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Monthly Archives: January 2014

Biblical morality

The Bible — aside from it’s literary value — is quite simply an incoherent basis for morality. The truth is that everyone — atheist, liberal theist, fundamentalist, whatever — uses their own moral compass to decide what they accept and what they reject. If any Bible-believing Christian tells you otherwise, just ask him or her if a rebellious teenager should be stoned to death.

The Bible makes a convenient scapegoat for some because frankly, one can base pretty much any belief on one or more more scattered fragments of scripture. That’s probably a big reason why it has survived for so long — and why Christianity has not been one single religion, but dozens, for several centuries at least. I can come up with pretty much any bullshit doctrine I care to and find some Biblical backing for it, and voila! A new sect is born.

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Fear of God

It has been nearly five years since I considered myself a Christian and about two years since I decided I no longer believe in God, heaven, hell, or devils and demons. During that time, I have expressed those thoughts aloud a few times, but only to close friends. I never felt “weird” about saying them. People have asked me if ever had a moment where I feared going to hell or otherwise being chastised or punished by God and I honestly replied that I had not.

But something weird happened to me recently on the way to work. I was listening to an episode of the excellent Human Bible podcast with Dr. Robert M. Price. At one point, Dr. Price said something about a particular atrocity of God as described in the Bible — to which I impulsively said aloud, “That’s because God is an asshole.” Read the rest of this entry

David Attenborough on creationism

“When creationists talk about God, they always instance hummingbirds, or orchids, sunflowers and beautiful things. But I tend to think instead of a parasitic worm that is boring through the eye of a boy sitting on the bank of a river in West Africa, that’s going to make him blind. Are you telling me that the God you believe in, who you also say is an all-merciful God, who cares for each one of us individually, are you saying that God created this worm that can live in no other way than in an innocent child’s eyeball? Because that doesn’t seem to me to coincide with a God who’s full of mercy.”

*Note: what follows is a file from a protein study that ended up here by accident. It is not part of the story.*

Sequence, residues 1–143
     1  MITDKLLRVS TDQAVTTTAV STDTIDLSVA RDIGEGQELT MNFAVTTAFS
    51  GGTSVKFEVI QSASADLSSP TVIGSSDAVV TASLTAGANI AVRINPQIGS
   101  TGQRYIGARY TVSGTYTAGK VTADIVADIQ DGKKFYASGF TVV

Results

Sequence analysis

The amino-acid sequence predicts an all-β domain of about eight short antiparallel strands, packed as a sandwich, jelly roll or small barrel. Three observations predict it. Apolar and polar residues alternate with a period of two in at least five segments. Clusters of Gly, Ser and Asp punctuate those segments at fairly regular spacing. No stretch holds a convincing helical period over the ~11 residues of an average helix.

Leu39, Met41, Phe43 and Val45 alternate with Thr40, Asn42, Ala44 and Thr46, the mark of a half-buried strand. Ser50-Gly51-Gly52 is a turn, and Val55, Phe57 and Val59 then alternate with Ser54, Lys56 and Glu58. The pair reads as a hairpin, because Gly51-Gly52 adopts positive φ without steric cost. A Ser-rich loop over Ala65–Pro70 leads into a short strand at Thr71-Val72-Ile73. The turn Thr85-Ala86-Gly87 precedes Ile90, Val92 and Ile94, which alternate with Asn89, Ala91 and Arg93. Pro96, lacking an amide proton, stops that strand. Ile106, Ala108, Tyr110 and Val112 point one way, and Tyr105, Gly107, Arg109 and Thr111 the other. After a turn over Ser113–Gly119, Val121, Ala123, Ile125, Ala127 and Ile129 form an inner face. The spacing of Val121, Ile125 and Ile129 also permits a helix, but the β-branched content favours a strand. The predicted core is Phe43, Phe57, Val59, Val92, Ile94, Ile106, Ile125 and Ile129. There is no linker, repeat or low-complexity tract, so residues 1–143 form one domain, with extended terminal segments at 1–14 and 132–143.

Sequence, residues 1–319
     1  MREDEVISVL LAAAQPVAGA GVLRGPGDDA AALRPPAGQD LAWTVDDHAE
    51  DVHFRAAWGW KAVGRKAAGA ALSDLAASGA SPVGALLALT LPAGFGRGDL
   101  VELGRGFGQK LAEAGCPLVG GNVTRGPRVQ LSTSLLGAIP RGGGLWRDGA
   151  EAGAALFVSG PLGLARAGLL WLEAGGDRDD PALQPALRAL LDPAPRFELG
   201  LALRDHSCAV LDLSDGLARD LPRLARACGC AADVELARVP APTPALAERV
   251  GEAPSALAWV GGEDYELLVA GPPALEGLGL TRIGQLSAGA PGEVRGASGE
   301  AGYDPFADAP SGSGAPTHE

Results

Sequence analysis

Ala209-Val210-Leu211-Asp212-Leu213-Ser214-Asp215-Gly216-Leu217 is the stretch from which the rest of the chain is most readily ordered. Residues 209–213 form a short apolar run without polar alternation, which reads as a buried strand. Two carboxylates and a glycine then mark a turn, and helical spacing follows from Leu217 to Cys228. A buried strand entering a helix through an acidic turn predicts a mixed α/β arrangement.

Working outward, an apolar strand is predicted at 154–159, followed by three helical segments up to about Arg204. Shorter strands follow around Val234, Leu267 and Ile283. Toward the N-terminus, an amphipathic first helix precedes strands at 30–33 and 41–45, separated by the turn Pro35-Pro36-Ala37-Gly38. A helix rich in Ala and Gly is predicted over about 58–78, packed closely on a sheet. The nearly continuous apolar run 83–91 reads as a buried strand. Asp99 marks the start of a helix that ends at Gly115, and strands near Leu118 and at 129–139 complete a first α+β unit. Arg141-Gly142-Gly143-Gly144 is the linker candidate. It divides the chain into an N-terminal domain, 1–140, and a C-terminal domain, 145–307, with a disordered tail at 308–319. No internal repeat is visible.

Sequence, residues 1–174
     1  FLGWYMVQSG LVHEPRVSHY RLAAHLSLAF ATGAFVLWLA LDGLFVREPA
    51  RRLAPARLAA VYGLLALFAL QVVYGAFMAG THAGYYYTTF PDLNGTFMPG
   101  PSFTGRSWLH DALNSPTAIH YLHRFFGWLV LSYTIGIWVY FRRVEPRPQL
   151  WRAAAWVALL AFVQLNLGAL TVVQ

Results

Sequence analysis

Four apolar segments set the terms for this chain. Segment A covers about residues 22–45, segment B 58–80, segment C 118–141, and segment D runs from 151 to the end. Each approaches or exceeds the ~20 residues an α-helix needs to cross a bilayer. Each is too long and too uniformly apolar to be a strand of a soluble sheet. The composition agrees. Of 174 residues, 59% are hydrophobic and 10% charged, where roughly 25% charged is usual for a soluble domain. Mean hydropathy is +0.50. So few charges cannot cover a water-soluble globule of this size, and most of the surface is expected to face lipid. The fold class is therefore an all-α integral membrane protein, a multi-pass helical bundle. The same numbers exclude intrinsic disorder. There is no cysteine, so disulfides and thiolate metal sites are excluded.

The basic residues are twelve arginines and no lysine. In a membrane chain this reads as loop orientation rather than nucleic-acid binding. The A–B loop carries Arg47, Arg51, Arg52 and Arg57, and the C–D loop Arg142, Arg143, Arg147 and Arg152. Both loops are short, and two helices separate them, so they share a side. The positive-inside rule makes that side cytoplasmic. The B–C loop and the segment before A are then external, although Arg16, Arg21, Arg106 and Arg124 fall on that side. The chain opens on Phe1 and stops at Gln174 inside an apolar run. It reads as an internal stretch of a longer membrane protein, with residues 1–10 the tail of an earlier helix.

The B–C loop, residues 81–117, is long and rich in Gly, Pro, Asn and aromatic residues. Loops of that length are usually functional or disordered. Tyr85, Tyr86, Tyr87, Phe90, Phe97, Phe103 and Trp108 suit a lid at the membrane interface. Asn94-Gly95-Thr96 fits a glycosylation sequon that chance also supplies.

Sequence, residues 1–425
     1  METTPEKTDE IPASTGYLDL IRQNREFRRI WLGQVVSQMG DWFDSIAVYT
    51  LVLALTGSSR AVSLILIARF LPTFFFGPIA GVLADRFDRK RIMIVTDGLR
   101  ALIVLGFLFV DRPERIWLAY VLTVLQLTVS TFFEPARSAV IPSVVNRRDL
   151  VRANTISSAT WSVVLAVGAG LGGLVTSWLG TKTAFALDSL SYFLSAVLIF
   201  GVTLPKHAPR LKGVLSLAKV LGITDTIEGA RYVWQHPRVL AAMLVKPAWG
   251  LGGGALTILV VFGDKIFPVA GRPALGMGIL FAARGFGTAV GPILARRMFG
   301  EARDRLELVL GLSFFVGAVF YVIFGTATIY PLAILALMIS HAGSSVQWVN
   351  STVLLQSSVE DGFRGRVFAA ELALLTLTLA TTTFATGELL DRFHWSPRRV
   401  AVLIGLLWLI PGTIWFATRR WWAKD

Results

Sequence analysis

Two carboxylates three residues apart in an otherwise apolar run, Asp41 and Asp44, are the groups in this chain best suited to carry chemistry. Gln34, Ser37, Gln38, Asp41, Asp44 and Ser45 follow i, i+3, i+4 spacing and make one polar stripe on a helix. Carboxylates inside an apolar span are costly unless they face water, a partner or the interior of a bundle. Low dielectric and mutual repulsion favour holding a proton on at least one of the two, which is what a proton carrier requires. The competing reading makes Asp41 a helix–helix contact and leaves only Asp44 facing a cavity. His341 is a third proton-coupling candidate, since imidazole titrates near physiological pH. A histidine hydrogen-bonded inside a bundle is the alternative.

The myth of American law being based on the Ten Commandments

It’s a common refrain from among religious and political fundamentalists. The so-called ten commandments of the Judeo-Christian religions are supposed to be the bedrock upon which all Western — or at least American — law is based. People who don’t think it through and who have been raised up among such nonsense generally nod in agreement. The argument is important because some use this premise as a basis to further argue the historical and legal importance of their commandments, with the idea of making the public display of same not a religious but a civic matter.

So it makes sense to examine the claim — is American law based in any way on the ten commandments?

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